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Local News

  • Skateboarders bring the speed--see video

    Some brave souls barreled down Camp May Road Saturday and Sunday as part of the Northern California Downhill Skateboarding Association’s first visit to Los Alamos.

    More than 120 boarders from across the country registered but as of Saturday morning, about 80 showed up.

    On Saturday afternoon, they held their qualifying runs and on Sunday, they will race for the dough.

    Not surprisingly, Timeship Racing, the organizer of the event, is calling the race down Camp May Road, “The Atomic Bomb.”

    From 10 a.m. to 4 p.m. Sunday, there will be racing as competitors will reach up to 60 mph as they navigate the narrow 1-mile course.

  • Walnut and Orange Parks temporarily closed

    Officials with the Los Alamos Department of Public Utilities (DPU) announced Friday that Walnut and Orange Parks will be temporarily closed beginning Monday.  DPU plans to access Walnut and Pueblo Canyons with heavy equipment through the two parks as part of its Feeder 15 and 16 electric overhead rebuild project.  The two parks located at the southern end of Walnut Street end the eastern end of Orange Street will be reopened before July.

  • NM regulators shuffled to new jobs

    ALBUQUERQUE — Four state officials have been shuffled to new jobs in the New Mexico Environment Department, and industry and environmental groups said Thursday they are concerned about the impact on the agency’s operations.

    The shake-up involves the heads of the water management division and air quality and hazardous waste bureaus. They are responsible for hundreds of annual permitting actions related to oil and natural gas operations, the national laboratories and other industries.

  • Residents ponder Trinity Roundabouts

    Proposed roundabouts on Trinity Drive have stirred debate and controversy recently. 

    In an effort to collect people’s thoughts about the proposed changes along this main artery, Los Alamos County hosted a walking tour Thursday afternoon.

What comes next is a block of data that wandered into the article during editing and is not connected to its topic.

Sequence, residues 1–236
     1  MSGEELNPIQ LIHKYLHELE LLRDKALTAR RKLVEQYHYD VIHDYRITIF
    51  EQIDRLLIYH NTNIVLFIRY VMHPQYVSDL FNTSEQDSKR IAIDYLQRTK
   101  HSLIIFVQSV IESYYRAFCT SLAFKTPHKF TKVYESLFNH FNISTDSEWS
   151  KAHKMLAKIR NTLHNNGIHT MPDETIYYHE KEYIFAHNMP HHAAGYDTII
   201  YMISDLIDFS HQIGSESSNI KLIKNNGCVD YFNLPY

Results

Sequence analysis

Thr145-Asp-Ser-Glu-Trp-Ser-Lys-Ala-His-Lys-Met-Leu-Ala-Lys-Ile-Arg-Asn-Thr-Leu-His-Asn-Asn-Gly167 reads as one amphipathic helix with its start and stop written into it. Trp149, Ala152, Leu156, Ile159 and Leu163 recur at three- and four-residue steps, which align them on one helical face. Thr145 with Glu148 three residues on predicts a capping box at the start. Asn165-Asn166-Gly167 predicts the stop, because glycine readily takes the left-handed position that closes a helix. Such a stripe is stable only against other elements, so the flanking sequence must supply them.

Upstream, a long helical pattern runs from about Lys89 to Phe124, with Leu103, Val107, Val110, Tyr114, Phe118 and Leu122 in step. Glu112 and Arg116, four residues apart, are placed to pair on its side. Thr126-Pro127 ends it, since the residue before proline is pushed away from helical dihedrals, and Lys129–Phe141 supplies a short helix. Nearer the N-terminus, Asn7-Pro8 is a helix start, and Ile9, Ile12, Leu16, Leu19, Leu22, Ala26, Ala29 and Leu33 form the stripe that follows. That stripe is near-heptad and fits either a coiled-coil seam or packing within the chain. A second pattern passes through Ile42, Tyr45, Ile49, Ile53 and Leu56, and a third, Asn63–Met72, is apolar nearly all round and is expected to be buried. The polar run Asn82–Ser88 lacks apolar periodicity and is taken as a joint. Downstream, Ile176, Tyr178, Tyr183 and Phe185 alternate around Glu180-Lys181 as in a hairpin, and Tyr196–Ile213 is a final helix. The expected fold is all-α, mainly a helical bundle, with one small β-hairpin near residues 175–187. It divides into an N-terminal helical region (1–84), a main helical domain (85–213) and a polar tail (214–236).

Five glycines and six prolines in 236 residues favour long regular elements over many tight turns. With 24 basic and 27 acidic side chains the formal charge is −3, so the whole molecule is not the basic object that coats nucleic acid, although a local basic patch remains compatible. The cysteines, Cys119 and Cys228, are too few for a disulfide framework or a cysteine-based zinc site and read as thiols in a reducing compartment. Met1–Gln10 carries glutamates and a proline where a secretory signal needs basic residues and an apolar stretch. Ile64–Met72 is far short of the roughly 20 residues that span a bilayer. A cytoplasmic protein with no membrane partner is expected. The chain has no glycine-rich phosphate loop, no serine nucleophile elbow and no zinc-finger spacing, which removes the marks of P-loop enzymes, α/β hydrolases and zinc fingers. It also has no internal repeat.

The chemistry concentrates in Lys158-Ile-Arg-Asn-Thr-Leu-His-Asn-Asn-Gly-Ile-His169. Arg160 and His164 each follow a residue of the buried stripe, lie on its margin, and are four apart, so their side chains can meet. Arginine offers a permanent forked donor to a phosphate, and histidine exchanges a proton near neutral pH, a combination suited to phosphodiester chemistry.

Thirty-nine people participated in the walk, which started at the Justice Center, traveled down to the Shell gas station to the Oppenheimer and Trinity intersection before turning to head up to Ashley Pond. The tour ended where it began at the Justice Center. 

    County Council Chair Sharon Stover recommended hosting the tour. She said she had questions about the proposed changes and she wanted to get a better understanding of the issues surrounding Trinity Drive. 

  • AG King issues local opinion

    The New Mexico attorney general has issued an opinion regarding the hotly contested question of whether the county charter may legally require certain capital projects receive prior voter approval. 

    “Los Alamos County, which has adopted a home rule charter, may legally require the approval of county voters before the county proceeds with a capital project,” said Attorney General Gary King in a letter to Interim County Administrator Randy Autio Wednesday.

  • Pakistan suicide bombs kill 80 to avenge bin Laden--video extra

    SHABQADAR, Pakistan (AP) — A pair of suicide bombers attacked recruits leaving a paramilitary training center in Pakistan on Friday, killing 80 people in the first retaliation for the killing of Osama bin Laden by American commandos. The Taliban claimed responsibility, blaming the Pakistani military for failing to stop the U.S. raid.

    The blasts in the northwest were a reminder of the savagery of al-Qaida-linked militants in Pakistan. They occurred even as the country faces international suspicion that elements within its security forces may have been harboring bin Laden, who was killed last week in a raid in Abbottabad, about a three hours' drive from the scene of the bombing.

  • County takes aim at permit woes

    Recommendations to improve Los Alamos County’s commercial building permitting process were presented to the council during Tuesday’s work session. 

    The permit procedure for something as simple as a sign to the complexities of building construction has come under fire from the business community in recent years, and has come to be viewed as a black eye for Los Alamos in relation to its overall demeanor in terms of being “business friendly.”  

  • Domenici scholars
  • Valles Caldera gets first Senate hearing

    U.S. Sen. Jeff Bingaman says the National Park Service is the agency best suited to handle long-term management of the Valles Caldera National Preserve in northern New Mexico.

    The New Mexico Democrat made the comment Wednesday after a committee hearing on legislation that directs the agency to take over management of the preserve in a way that protects the area’s natural and cultural resources. 

  • Lt. Gov. Sanchez recovers from surgery

    SANTA FE, N.M. (AP) — Lt. Gov. John Sanchez is recovering from surgery to remove his gall bladder.

    A spokesman for Sanchez said Thursday the elective surgery was performed Monday at an Albuquerque hospital and the lieutenant governor was sent home the next day. He's been working at home and plans to return to his office next week.

    Spokesman Mark Van Dyke said the lieutenant governor experienced pain in his abdomen Sunday night. It was decided that his gall bladder should be removed because it could cause more problems in the future.

    Sanchez, 48, was elected in November. He was the Republican gubernatorial nominee in 2002, but lost to Democrat Bill Richardson in the general election.